Owing to an increasing focus on conserving right of way and ensuring uninterrupted power supply, utilities are focusing on substation and switchgear technologies that require less space and have a reduced outage. Conventionally, utilities installed AIS substations, which use air for insulation between various live parts, but now GIS substations, which use sulphur hexafluoride (SF6) gas as the insulating medium, are picking up pace owing to their reduced space requirement and higher uptime. As per the Central Electricity Authority, GIS substations require 35 per cent less space than AIS substations, and have lower maintenance and outage costs. Although the initial cost of GIS substations is about 50 per cent higher than that of their AIS counterparts, the overall capital costs are comparable if the cost of land is also included.

As per Tarang, over 67,000 MVA of GIS substations are currently under construction in the country and slated for commissioning until 2021. Of this, Power Grid Corporation of India Limited (Powergrid) is implementing nearly 17,000 MVA of GIS substations. Among state transcos that have significant capacities lined up are Tamil Nadu Transmission Corporation Limited (9,745 MVA), the Gujarat Energy Transmission Company (7,740 MVA) and Delhi Transco Limited (7,500 MVA).

Utilities can also opt for a hybrid switchgear-based substation, which is a mix of AIS and GIS technologies. In a hybrid substation, the busbars are air-insulated and all other equipment such as circuit breakers, bushings, busducts, connecting elements, disconnectors, current transformers and sensors are gas insulated. The initial cost of hybrid substations is 20 per cent higher than that of AIS, and these substations require a moderate size of land (about 50 per cent less than AIS and 50 per cent more than GIS).

Ultra high voltage (UHV)/Extra high voltage (EHV) switchgear and smart switchgear are the other key emerging technology trends. The growing demand for greater transmission of power over longer distances and with lower losses necessitates the move to UHV/EHV transmission technologies at 800 kV, 1,100 kV and 1,200 kV. In recent years, Powergrid has commissioned the ±800 kV 6,000 MW North East Agra UHDC link, ±800 kV 6,000 MW Champa-Kurukshetra Bipole and the 1,200 kV UHVAC Bina National Test Station. It is currently executing the ±800 kV Raigarh-Pugalur UHVDC link. These large UHV power systems require switchgear that can meet stringent safety, performance and reliability demands. UHV AIS and GIS substations equipped with advanced equipment such as fibre optic current sensors and UHV dead tank circuit breakers and interrupters are deployed in such projects.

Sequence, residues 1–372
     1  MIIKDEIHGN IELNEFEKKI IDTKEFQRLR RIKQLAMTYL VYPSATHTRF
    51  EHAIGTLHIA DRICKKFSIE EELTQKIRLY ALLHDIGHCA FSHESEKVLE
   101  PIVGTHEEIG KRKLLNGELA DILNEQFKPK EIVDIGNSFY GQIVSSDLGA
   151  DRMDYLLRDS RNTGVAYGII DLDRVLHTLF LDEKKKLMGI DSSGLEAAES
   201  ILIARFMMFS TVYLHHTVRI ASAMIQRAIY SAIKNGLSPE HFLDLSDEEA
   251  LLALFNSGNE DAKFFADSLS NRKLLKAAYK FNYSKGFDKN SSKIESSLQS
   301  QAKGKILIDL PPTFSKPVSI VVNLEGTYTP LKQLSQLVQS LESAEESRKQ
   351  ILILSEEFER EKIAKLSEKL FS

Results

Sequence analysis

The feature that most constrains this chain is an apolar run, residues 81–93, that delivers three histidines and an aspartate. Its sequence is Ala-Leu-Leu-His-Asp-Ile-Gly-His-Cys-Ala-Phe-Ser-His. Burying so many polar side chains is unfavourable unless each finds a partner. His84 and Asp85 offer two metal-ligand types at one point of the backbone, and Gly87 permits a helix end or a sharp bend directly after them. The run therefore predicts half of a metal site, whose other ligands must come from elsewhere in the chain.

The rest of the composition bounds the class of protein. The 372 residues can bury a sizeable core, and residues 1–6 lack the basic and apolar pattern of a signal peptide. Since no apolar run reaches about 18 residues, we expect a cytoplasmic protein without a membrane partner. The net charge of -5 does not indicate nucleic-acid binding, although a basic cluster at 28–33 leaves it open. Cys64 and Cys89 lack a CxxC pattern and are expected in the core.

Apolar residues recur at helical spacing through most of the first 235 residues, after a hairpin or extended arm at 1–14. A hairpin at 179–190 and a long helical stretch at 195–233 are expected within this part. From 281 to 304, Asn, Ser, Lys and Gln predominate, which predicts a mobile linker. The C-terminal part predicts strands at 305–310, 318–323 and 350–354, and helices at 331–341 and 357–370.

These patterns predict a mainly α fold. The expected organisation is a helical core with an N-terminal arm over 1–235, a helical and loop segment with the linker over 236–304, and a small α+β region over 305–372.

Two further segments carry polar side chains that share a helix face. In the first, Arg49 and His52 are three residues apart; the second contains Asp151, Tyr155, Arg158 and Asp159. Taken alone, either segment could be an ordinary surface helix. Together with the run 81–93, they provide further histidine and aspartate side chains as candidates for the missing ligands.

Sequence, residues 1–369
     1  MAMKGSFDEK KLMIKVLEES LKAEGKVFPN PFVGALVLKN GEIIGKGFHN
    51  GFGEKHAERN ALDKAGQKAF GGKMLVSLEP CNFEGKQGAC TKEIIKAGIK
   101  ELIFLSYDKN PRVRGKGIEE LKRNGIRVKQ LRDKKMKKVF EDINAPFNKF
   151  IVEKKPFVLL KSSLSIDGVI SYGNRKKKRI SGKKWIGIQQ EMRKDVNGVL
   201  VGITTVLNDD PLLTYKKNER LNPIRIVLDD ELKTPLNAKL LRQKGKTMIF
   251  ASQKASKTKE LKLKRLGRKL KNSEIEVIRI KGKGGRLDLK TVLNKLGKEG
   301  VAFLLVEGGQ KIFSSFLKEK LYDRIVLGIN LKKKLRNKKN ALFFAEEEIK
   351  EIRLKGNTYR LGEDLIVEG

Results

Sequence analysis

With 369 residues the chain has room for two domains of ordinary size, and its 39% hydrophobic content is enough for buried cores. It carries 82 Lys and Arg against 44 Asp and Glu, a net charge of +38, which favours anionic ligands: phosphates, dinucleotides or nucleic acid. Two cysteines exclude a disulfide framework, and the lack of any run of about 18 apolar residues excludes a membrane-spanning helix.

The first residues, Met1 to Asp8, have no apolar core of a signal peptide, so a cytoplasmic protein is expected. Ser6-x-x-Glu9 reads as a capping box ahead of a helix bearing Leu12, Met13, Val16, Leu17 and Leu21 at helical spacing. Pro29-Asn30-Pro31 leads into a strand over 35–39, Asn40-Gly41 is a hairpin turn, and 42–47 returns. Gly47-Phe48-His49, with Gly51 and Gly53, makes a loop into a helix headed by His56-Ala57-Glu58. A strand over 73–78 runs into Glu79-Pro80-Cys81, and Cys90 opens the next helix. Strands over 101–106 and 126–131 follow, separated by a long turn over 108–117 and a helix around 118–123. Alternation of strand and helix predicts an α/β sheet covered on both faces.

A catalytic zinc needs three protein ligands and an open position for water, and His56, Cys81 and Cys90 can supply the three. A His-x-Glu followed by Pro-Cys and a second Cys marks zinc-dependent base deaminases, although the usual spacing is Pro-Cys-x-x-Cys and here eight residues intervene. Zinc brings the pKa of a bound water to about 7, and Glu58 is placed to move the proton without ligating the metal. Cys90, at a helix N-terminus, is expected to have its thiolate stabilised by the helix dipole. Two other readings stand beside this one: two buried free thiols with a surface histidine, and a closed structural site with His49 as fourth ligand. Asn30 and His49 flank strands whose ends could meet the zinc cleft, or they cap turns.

With the increasing integration of renewable energy into the grid, there is a need for smart switchgear solutions that provide better monitoring and control capabilities. To meet this demand, smart internet of things (IoT)-ready switchgear solutions are coming up, which can connect to the internet to provide real-time monitoring, predictive diagnostics and better protection against faults. These switchgear are embedded with intelligent electronic devices and are preprogrammed for the remote monitoring and communication of key electrical parameters like current, voltage, faults, etc. This facilitates the automatic regulation of incoming and outgoing power, transfer of power during peak load, and opening and closing of switches to maintain power load. Smart switchgear can also be seamlessly integrated with energy management, building management, supervisory control and data acquisition and other enterprise-level utility systems to control power flow and achieve energy savings.

The way forward

The substation and switchgear market is set to grow rapidly in the coming years. With over 124,263 ckt. km of transmission lines and about 426,535 MVA of substation capacity under construction (as per the Tarang web page accessed on June 14, 2018), the demand for T&D equipment is expected to remain robust. Various central government schemes aimed at strengthening T&D networks such as the green energy corridors, IPDS and DDUGJY, and at expanding electricity access such as Saubhagya are also playing a key role in spurring equipment demand. The expansion of HVDC and HVAC transmission projects as well as the launch of the smart cities initiative is expected to further drive the demand for advanced substation and switchgear solutions.